Which is correct – the content of the Financial Adviser Standards and Ethics Authority (FASEA) guidance around its code of ethics, or the information provided by FASEA executives during last week’s consultation process.
That is the question being asked by at least some advisers who have been surprised by suggestions by FASEA chief executive, Stephen Glenfield that the guidance document is capable of being changed but the code itself is not subject to change.
The questions are being asked at the same time as Money Management has received confirmation that the Assistant Minster for Superannuation, Financial Services and Financial Technology, Senator Jane Hume, has received a letter from adviser groups formally requesting a delay in implementation of code until key issues have been resolved.
Association of Financial Advisers general manager policy and professionalism, Phil Anderson confirmed that a letter had been sent to the minister ahead of last week’s round of FASEA consultations which included both industry groups such as the AFA and the Financial Planning Association (FPA) as well as adviser group licensees.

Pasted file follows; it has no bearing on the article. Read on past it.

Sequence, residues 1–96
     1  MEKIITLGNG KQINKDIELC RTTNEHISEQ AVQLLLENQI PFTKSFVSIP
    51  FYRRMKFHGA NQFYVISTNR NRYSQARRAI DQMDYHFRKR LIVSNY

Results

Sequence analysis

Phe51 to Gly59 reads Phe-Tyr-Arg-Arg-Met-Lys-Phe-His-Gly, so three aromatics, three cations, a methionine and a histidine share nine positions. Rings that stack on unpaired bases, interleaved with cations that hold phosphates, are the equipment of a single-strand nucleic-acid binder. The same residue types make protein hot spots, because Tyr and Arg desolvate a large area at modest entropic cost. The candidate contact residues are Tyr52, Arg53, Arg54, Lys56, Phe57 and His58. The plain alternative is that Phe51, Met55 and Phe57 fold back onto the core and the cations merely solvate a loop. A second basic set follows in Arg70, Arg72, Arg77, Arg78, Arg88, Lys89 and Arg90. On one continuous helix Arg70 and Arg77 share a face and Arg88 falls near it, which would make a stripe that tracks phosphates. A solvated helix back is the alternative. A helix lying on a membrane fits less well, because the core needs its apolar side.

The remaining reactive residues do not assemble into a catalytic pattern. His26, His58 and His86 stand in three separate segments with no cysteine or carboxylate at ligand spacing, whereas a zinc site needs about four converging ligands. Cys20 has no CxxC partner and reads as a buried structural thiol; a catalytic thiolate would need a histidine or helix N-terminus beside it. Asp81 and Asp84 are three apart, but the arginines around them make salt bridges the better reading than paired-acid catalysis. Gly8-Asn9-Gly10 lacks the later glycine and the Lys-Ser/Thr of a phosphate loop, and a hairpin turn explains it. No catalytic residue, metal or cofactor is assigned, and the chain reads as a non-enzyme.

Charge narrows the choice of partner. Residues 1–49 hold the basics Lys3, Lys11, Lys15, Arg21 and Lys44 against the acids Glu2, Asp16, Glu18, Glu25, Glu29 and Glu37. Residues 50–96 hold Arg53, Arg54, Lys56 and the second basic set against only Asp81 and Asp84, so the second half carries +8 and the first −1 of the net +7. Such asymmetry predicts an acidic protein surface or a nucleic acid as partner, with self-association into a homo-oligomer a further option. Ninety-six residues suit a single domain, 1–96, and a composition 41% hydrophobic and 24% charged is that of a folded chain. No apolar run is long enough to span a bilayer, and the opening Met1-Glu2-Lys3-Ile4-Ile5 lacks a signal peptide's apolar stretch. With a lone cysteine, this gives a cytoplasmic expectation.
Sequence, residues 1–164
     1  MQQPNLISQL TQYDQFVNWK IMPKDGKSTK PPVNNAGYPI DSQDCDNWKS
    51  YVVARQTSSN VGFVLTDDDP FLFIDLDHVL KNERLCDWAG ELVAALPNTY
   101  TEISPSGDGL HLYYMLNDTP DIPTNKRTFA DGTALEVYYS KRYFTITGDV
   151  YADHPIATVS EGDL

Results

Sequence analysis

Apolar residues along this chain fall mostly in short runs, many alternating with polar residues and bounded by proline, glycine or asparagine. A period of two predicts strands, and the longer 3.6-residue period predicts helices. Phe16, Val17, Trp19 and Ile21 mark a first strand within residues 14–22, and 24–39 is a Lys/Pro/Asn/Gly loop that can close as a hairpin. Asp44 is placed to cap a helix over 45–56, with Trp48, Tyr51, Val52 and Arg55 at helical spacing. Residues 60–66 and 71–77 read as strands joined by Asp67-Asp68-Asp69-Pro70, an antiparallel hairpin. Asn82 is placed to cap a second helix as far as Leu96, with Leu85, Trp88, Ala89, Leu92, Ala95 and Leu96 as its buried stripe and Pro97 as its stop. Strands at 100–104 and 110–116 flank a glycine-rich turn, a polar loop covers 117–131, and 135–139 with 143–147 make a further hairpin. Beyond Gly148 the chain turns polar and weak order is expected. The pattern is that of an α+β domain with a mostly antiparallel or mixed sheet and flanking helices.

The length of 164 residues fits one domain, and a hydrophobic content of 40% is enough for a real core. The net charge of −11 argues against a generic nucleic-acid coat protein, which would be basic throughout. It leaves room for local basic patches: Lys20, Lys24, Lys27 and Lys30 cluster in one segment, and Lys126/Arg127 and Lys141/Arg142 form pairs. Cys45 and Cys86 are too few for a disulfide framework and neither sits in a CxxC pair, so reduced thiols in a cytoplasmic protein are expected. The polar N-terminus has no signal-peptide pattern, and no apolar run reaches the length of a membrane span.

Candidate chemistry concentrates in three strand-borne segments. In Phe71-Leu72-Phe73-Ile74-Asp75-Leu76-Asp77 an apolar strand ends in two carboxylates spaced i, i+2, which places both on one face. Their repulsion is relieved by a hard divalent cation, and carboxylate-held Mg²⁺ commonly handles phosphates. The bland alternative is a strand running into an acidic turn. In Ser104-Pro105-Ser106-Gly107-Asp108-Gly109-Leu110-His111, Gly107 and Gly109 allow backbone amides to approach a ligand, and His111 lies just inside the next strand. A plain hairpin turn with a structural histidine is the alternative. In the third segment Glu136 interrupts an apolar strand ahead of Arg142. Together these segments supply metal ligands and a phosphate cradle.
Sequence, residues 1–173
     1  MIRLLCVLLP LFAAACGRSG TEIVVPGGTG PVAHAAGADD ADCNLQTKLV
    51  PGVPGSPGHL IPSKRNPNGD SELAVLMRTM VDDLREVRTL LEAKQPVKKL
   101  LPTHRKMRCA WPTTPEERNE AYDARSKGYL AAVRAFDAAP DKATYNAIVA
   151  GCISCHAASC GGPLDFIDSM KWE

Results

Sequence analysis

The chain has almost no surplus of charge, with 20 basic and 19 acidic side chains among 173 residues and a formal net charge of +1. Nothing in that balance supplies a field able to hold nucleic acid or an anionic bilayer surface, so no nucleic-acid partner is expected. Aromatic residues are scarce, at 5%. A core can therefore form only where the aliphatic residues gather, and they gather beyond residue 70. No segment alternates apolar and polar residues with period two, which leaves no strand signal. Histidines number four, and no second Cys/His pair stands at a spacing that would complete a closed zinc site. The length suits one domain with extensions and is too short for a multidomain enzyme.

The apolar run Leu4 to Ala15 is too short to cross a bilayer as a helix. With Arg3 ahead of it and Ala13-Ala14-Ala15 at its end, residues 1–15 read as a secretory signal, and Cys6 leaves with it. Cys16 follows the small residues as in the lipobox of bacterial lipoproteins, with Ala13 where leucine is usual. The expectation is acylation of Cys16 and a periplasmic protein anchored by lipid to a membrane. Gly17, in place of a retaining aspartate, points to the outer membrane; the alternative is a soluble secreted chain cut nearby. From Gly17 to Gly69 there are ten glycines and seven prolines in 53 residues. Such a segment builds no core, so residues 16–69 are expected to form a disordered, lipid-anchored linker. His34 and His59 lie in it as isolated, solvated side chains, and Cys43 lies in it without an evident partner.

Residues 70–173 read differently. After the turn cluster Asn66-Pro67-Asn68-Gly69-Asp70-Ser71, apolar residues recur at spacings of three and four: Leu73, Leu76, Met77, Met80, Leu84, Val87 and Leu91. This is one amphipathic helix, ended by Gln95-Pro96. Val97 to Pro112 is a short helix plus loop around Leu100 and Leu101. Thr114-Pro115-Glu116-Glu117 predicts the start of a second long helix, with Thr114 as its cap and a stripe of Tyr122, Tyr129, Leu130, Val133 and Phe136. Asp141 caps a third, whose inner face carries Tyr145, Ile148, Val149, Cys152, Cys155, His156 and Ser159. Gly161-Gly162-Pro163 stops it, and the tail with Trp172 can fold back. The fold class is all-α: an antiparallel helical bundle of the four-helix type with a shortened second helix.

Anderson said that the bottom line for both FASEA and the industry was that serious questions remained with respect to the code of ethics and that time was running out to resolve the issues ahead of the 1 January, 2020 implementation date.
The Australian Securities and Investments Commission (ASIC) last month announced that it would be making a legislative instrument to provide up to three years’ relief to advice licensees from financial adviser compliance scheme obligations because of the Government’s decision not proceed with code monitoring bodies.
However, ASIC also made clear that the code of ethics would come into force, as scheduled, on 1 January, next year. On this basis, it appears that only a declaration from the minister would serve to alter the approach of both ASIC and FASEA.